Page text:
The Science Department curriculum offers students the opportunity to explore science according to their individual interests and abilities through enrollment in a minimum of six semester-long courses. The goals of the science curriculum are:
- to enable students to master a broad set of scientific facts, theories and natural laws in the core sciences;
- to promote critical and independent thinking;
- to develop laboratory skills of students;
- to learn to use a range of technologies including computer software and hardware, on-line services and communication networks;
- to instill an appreciation for and ability to utilize discipline-specific technologies and the information they yield; and
- to demonstrate the role of communication in scientific disciplines.
The desired outcome of these goals is that students will be able to use a scientific method when confronted with problems that involve evidence, numbers, logical arguments, uncertainties, ethics and societal implications. Students will learn how technology is the result of a scientific design process that includes continual refinements and improvements. In addition, students leaving the introductory courses will be equipped with sufficient background to intelligently read and understand scientific literature, to evaluate accompanying data, and to grasp the implications of that research. Advanced courses allow students to continue investigating particular areas of interest in greater depth and complete their own scientific investigations using many of the same tools used by practicing scientists.
The science program begins with two semester-long background courses, the Nature of Science and Earth Studies, during the subfreshman year. The science graduation requirement is three units (six semester courses) beyond the subfreshman year. Each student must successfully complete the three required introductory semester classes: Introductory Biology, Introductory Chemistry, and Introductory Physics. Additionally, each student must complete three elective semester courses beyond the introductory courses listed above. It is strongly recommended that all students considering applying to a four-year university or majoring in the sciences or engineering take a minimum of Introductory Biology, Biology A, Introductory Chemistry, Chemistry A, Introductory Physics and Physics A.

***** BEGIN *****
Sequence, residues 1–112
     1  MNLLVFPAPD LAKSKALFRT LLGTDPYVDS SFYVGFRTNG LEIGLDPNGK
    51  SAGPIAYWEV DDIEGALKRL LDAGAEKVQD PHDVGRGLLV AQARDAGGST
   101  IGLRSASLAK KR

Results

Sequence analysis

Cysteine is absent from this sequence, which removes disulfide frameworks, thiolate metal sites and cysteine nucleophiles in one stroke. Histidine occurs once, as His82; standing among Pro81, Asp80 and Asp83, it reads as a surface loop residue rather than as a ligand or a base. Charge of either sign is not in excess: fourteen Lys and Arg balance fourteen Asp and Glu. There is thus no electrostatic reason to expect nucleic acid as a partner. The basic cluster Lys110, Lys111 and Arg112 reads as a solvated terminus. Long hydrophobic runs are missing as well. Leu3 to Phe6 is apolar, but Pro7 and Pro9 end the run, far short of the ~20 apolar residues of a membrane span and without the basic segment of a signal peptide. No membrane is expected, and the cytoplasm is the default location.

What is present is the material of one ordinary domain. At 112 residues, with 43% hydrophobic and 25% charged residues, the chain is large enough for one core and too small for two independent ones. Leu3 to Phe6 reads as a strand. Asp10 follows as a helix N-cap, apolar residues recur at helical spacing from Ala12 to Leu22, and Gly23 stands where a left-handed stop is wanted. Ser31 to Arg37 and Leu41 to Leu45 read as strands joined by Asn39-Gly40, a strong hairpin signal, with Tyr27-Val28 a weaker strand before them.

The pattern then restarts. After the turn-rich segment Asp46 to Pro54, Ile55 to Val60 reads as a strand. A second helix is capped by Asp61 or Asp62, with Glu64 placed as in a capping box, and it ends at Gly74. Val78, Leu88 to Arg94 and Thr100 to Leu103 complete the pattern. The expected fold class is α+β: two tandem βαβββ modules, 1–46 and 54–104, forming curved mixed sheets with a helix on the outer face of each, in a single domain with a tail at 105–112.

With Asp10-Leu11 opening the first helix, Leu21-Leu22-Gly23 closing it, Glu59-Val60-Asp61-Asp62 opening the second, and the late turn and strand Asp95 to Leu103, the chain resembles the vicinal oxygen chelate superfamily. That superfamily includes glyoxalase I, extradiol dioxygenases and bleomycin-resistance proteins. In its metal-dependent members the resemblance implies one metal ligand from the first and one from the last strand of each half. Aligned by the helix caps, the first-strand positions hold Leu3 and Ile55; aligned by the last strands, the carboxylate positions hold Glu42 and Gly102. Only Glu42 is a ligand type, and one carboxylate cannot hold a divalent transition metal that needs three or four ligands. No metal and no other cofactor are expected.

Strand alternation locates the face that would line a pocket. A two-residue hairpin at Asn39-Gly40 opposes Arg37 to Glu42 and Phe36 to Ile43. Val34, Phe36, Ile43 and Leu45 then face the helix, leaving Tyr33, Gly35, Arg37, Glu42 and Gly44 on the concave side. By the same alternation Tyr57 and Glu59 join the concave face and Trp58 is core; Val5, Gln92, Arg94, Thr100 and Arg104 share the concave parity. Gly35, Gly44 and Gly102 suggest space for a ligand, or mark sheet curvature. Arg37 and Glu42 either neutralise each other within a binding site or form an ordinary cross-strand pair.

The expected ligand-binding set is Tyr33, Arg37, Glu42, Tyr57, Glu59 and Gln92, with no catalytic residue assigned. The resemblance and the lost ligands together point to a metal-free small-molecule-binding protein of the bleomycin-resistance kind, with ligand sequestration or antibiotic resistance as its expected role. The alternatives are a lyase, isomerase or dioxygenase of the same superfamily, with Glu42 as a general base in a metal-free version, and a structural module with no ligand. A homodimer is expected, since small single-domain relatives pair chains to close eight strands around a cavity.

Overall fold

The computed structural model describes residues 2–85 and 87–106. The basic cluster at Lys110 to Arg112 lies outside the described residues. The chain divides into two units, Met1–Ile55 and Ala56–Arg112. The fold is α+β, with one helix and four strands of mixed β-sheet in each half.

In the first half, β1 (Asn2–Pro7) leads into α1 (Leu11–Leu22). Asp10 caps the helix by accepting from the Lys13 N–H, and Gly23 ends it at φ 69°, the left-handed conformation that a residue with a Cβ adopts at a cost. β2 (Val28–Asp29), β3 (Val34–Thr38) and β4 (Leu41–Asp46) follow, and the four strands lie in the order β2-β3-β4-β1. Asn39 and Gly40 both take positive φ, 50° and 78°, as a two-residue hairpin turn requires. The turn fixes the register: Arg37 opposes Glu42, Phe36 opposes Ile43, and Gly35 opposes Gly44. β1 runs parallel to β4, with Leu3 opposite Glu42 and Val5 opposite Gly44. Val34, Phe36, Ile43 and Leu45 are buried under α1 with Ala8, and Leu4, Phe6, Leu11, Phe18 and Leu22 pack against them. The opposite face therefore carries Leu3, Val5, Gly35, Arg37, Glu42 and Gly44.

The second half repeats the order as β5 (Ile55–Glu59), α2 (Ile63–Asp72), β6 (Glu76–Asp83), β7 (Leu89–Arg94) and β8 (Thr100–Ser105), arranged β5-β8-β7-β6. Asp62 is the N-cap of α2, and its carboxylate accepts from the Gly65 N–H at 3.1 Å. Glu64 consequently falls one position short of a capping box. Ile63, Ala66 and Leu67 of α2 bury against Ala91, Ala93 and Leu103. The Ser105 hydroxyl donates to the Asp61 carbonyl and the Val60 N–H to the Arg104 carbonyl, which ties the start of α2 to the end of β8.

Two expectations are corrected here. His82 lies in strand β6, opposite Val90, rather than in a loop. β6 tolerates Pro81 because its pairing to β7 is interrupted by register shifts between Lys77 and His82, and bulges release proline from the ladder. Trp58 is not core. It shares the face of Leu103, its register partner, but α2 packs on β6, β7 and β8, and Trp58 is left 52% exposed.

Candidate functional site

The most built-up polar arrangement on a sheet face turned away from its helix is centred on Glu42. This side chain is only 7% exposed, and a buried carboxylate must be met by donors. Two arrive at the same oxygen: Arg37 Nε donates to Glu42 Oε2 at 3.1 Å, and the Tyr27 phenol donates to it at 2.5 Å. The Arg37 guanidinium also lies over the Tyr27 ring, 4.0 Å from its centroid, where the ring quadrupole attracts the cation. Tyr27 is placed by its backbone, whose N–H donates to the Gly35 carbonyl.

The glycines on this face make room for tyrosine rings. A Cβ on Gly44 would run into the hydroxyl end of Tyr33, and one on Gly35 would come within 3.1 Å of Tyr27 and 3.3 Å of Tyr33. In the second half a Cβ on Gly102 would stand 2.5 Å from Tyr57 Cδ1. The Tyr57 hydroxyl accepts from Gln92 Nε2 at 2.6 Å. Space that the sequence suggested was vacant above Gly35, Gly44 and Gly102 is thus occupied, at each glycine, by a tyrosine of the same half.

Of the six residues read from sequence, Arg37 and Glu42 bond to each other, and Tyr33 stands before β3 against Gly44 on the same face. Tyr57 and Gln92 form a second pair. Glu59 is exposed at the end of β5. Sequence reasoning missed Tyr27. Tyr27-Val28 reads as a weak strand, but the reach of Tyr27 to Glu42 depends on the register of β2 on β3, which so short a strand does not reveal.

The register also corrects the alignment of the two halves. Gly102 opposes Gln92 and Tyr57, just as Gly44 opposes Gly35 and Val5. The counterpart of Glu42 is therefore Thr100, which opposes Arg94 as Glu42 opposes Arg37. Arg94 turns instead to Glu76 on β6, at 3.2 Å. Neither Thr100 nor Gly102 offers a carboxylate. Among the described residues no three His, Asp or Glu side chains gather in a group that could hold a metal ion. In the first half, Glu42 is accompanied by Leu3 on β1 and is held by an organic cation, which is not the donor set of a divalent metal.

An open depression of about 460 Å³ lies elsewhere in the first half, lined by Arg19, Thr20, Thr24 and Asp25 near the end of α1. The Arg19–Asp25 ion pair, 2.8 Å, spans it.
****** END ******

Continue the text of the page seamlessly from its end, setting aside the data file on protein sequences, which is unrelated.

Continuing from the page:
Broader scheduling issues, in combination with facility limitations and fairness in class placement, limit our flexibility in enrolling freshman, sophomores, and juniors in more than one first year science course.
David Bergandine (dbergand) teaches Intro Chemistry and Chemistry A, B, C, and D. He earned his B.A. at Cedarville College.
Dr. Jim Carrubba (carrubba) teaches Introductory Physics and Physics A, B, and C. He earned his A.B. at Harvard and M.S. and Ph.D. at the University of Illinois.
Cynthia Smyser (email@example.com) teaches Introductory Biology, Pre-Medical Professions, Organismal Biology and Environmental Sciences. She earned a B.S. from the University of Illinois and another B.S. from Illinois State University and her M.S. from Illinois State University.
Mindy Tidrick (firstname.lastname@example.org) teaches Subbie Science and Geology and National Parks course.
Christian Millán-Hernández (Mr. Millán) (email@example.com) teaches Subbie Science, Entomology and Microbiology. He earned a M.S. in Entomology and M.Ed. in Secondary Science Education from University of Illinois, Urbana-Champaign. Growing up in Puerto he is a native Spanish speaker that enjoys photography, hiking, cooking, and family time during leisure time. Prior to Uni, he worked as a laboratory manager at Michigan State University and has experience performing field work for biological sciences.